What will become of us in the end if our zeal so quickly grows cold? Unhappy our fate, if we rest on our oars as though we had already reached a haven of peace and security, when in fact no sign of holiness is apparent in our lives.

Very soon the end of your life will be at hand: consider, therefore, the state of your soul. Today a man is here; tomorrow he is gone. And when he is out of sight, he is soon out of mind. Oh, how dull and hard is the heart of man, which thinks only of the present, and does not provide against the future! You should order your every deed and thought as though today were the day of your death. Had you a good conscience, death would hold no terrors for you; even so, it were better to avoid sin than to escape death. If you are not ready to die today, will tomorrow find you better prepared? Tomorrow is uncertain; and how can you be sure of tomorrow?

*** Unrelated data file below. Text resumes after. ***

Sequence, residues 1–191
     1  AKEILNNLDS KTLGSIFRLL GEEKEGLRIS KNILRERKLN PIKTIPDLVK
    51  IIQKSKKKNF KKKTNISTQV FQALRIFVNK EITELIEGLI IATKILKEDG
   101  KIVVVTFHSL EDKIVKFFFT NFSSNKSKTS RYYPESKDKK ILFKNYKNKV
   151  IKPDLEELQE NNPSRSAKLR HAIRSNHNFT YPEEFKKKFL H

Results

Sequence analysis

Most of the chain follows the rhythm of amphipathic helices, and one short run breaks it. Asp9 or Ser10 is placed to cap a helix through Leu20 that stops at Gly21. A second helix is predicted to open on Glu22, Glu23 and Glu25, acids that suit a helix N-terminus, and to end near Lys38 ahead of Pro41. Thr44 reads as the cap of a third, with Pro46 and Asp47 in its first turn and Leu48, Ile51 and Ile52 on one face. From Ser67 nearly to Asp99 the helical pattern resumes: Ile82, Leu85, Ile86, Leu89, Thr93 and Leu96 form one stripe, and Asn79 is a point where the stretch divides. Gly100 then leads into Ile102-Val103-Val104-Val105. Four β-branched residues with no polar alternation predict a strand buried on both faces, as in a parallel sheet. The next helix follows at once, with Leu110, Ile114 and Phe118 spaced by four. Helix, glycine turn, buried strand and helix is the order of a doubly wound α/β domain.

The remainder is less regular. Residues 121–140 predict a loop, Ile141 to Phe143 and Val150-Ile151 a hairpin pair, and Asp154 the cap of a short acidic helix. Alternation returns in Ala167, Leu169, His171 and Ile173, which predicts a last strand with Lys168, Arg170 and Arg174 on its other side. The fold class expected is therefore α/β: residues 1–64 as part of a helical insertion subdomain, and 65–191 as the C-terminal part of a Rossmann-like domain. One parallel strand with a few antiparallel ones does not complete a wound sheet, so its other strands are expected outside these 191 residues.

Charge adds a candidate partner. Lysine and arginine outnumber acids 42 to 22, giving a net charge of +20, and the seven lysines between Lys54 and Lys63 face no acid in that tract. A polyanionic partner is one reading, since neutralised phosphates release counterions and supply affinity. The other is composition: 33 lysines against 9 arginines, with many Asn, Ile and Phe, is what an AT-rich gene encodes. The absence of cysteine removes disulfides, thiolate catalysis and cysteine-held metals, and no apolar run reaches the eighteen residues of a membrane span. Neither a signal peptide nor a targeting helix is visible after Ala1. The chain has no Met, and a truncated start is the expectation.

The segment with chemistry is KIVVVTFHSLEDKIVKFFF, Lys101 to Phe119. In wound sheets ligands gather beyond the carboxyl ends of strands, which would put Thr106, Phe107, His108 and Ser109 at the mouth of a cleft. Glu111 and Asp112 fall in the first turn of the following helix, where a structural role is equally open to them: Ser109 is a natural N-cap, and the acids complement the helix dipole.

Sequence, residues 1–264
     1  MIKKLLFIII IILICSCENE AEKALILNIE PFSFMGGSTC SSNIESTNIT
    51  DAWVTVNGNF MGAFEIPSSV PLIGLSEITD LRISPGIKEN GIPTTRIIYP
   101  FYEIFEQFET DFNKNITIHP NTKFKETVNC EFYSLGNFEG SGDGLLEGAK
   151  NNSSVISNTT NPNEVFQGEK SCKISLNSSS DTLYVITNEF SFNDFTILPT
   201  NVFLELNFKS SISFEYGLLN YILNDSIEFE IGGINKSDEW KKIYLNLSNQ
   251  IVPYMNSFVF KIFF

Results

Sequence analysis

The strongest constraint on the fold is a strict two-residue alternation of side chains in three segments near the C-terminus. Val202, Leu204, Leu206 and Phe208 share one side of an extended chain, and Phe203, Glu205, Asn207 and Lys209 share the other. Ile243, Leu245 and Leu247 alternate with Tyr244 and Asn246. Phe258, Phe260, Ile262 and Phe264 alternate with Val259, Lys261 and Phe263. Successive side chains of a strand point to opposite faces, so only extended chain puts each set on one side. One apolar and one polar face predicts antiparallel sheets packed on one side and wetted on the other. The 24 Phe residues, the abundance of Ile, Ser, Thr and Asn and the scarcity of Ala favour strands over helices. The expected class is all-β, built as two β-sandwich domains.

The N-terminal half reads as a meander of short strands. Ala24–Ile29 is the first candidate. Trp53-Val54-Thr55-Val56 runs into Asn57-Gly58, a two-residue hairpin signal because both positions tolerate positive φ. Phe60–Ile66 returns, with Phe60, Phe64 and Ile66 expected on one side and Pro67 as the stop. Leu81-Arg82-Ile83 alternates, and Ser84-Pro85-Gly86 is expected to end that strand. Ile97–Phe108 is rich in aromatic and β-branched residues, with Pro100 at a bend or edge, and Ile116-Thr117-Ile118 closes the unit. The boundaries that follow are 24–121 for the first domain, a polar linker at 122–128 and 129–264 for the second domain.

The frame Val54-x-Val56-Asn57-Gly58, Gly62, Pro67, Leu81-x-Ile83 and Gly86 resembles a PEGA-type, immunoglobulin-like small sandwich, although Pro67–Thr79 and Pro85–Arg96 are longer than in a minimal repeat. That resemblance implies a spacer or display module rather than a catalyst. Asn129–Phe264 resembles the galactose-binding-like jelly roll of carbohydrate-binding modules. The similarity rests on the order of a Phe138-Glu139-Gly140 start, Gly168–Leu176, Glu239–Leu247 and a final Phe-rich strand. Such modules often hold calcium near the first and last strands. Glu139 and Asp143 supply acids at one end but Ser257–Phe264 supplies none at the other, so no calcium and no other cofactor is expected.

Of what use is a long life if we amend so little? Alas, a long life often adds to our sins rather than to our virtue!

Happy and wise is he who endeavors to be during his life as he wishes to be found at his death.

O wretched and foolish sinner, who trembles before the anger of man, how will you answer to God, who knows all your wickedness?

Heinrich Kraemer and Jacob Sprenger, Malleus Maleficarum

There is no man in the world who studies so hard to please God as even an ordinary woman studies by her vanities to please men.

Jacobus Faber Stapulensis, Commentary on the Psalms